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Three Kinds of Leaders

07/25/2019 01:02:56 AM

Jul25

How does one rise to leadership? As God reminds Moses that he will die before entering the holy land, Moses is distraught that the Jewish people will be like “sheep without a shepherd.” Though God appears to offer a favored solution, our Torah portion, Pinhas, suggests three very different models.

The first model of leadership is that of Pinhas himself. When there is a crisis in the community and a breach of communal norms, Pinhas acts as a vigilante. When he saw people violating the law, he worked outside the system, with violence, to slay one of the princes of the people. He could be seen as a revolutionary leader (though perhaps, more accurately, he is described as reactionary).

In contrast, Joshua had the inside track. He had been Moses’ aide-de-camp for close to 40 years, and boasted of significant military experience fighting Amalek. He was even one of the spies who investigated the land. However, within the Jewish people, he was very much “law and order.” Earlier in Numbers, when he saw two of the princes of the people violating the law and prophesying inside the camp, he asked Moses for permission to harm them and stood down when Moses told him not to.  This is in contrast to Pinhas’s “impale first, ask questions later” approach.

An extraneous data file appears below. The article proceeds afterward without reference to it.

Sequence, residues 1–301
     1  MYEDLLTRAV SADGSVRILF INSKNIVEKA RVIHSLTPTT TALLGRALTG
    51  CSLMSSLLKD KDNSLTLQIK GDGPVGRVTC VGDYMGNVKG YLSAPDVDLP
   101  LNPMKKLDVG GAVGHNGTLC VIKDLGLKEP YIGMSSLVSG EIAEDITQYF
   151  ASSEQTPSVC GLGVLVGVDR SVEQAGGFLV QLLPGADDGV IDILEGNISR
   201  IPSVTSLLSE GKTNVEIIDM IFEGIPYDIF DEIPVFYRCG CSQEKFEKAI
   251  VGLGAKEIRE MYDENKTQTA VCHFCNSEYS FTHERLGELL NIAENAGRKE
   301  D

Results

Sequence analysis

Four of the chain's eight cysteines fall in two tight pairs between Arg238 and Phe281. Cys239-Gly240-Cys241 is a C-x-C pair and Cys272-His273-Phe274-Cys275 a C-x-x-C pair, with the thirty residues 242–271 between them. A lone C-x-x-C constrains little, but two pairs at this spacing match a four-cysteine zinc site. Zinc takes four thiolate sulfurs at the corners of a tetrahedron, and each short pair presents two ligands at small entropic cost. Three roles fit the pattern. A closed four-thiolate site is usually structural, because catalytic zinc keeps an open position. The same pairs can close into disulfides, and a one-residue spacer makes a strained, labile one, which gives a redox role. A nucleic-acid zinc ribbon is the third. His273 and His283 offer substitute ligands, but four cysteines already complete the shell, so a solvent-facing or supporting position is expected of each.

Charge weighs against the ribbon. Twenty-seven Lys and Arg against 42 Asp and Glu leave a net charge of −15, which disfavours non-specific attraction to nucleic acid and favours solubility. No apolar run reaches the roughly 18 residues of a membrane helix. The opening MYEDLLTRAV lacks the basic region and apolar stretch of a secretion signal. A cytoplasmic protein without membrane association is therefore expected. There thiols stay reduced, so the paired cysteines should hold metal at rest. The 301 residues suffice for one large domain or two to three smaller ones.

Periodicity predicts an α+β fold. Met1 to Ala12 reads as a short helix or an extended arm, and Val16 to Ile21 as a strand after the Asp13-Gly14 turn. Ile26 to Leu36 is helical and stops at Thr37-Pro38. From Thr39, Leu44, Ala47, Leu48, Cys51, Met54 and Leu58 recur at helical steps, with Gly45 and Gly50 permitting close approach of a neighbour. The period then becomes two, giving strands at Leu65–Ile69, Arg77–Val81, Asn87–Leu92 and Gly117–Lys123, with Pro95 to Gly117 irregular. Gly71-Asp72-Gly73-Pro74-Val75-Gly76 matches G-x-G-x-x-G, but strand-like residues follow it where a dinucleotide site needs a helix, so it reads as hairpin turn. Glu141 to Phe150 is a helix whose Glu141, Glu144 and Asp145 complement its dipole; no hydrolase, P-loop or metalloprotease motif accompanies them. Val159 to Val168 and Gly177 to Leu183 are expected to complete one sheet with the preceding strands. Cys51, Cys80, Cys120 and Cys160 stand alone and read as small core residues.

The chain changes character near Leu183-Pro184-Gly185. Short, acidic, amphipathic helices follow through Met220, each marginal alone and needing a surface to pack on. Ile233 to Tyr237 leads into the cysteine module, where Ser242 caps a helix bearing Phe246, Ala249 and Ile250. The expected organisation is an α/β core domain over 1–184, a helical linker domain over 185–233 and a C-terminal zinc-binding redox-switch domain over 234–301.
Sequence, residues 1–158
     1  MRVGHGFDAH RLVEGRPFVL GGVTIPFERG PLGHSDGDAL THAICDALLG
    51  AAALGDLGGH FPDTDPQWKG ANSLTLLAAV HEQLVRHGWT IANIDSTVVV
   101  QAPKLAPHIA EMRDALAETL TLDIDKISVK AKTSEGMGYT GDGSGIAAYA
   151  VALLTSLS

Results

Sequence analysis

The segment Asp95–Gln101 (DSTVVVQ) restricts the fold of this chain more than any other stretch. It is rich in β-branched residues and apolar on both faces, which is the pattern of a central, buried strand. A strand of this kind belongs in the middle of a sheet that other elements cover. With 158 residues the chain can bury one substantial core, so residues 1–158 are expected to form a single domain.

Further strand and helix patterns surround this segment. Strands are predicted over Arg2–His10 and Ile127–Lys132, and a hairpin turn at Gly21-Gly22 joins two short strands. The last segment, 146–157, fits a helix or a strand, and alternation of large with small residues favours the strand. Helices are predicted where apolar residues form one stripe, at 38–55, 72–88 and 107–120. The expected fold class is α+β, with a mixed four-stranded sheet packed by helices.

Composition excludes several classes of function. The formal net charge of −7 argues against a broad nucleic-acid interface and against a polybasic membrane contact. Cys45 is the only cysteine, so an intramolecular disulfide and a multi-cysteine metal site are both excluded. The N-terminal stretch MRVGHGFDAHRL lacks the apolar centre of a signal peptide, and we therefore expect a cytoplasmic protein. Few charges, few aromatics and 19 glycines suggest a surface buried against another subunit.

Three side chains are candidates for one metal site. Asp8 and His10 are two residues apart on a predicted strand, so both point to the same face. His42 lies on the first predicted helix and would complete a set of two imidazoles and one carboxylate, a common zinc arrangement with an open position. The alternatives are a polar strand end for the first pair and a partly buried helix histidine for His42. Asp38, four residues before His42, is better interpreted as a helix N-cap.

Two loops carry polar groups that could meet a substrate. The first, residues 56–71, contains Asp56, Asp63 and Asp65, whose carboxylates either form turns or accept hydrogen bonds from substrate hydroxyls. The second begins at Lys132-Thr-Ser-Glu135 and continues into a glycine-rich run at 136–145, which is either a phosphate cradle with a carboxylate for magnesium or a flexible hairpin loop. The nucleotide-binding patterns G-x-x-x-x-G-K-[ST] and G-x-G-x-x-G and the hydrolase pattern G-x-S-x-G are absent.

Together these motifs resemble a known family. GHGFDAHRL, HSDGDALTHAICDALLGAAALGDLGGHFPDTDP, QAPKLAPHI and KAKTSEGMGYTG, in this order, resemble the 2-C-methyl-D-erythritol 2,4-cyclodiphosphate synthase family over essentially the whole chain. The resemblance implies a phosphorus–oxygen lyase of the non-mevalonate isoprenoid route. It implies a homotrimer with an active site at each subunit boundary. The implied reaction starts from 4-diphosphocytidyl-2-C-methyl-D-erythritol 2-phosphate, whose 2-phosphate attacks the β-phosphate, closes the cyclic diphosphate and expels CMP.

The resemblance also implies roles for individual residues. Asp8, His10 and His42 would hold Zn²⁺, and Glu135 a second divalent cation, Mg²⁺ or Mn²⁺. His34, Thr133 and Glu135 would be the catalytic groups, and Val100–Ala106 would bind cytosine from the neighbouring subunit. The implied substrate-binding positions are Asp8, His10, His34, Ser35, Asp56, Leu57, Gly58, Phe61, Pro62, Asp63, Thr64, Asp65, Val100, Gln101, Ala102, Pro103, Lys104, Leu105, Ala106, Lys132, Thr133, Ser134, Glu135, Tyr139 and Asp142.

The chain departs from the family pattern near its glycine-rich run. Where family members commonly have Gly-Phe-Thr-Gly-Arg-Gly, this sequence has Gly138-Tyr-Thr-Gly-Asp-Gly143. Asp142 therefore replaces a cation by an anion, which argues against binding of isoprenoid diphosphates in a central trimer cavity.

There is yet a third approach, that of the daughters of Zelophhad. They work through the system, appealing first to Moses, then to God, to implement change and earn the right to inherit the land, a right previously denied to women. 

These leaders come from different strata of society. Pinhas, despite his “lone wolf” approach, is the grandson of Aaron. In contrast, Joshua is a career civil servant, having risen up through the ranks of princes despite having a non-famous father.  The daughters of Zelophhad come from a disadvantaged background - orphaned daughters of a father who “died for his own sin.”

Ultimately, each of them is elevated. Pinhas is offered the High Priesthood and covenant of peace. Meanwhile, Pinhas’s father is called upon to bless someone else as leader, as Joshua will be the heir apparent to Moses. The daughters of Zelophhad receive no formal title, but they do merit having the law changed in their favor. 

As we read these stories, we can think about the many people who seek leadership in our local communities and in the larger world. How do they earn the right to lead? Do they come with a sense of entitlement based on their background or from a place of humility? Are they planful or impulsive? Are they working within the system or outside of it? The fact that God offers blessings and encouragement to each of the leaders in our portion suggests that there is a time and a place for each approach.

Thu, November 14 2019 16 Cheshvan 5780